A telescope in Europe has captured a new picture of one of the most exciting sights in space.
The Eagle Nebula is made up of gas and dust that can form new stars and was picked up by the Herschel telescope.
Don't expect to spot it from a regular telescope though, because it's 6,500 light years away from Earth.
It was last pictured in 1995 by Nasa's Hubble telescope but the picture wasn't as detailed as this one because the two telescopes see different things.
Scientists are excited by the pictures because they say these are the next generation of stars we will see in the future.
If you look in the image, the bits that look like fingers on a hand are like dusty, gassy "cocoons" where new stars are being formed.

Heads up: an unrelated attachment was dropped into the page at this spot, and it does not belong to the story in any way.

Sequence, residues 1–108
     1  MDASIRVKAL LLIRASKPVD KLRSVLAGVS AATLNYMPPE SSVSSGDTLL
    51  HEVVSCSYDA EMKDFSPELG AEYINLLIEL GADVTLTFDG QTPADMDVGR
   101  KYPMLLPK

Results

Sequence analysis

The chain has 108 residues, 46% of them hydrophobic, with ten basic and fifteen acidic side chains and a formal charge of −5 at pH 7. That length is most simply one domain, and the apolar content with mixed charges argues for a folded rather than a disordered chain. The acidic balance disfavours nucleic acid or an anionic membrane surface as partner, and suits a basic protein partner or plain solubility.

Eventually those stars will be born and explode all the dust away, shining brightly so they can be seen from Earth.
Different telescopes, different images
The Hubble telescope is sensitive to optical light, like our eyes are - which means it can be blocked easily by dust and just shows us the shape of the formation.
But the Herschel telescope is sensitive to radiation given off by the gas and dust, which can't be seen with the naked eye. So the new image shows more detail than Hubble's ever could.
The colours in the picture show how hot and cold the material is, but it's the other way round than you might expect. The blue areas are warmer and the reddish areas are colder but the average temperature there is below -200C!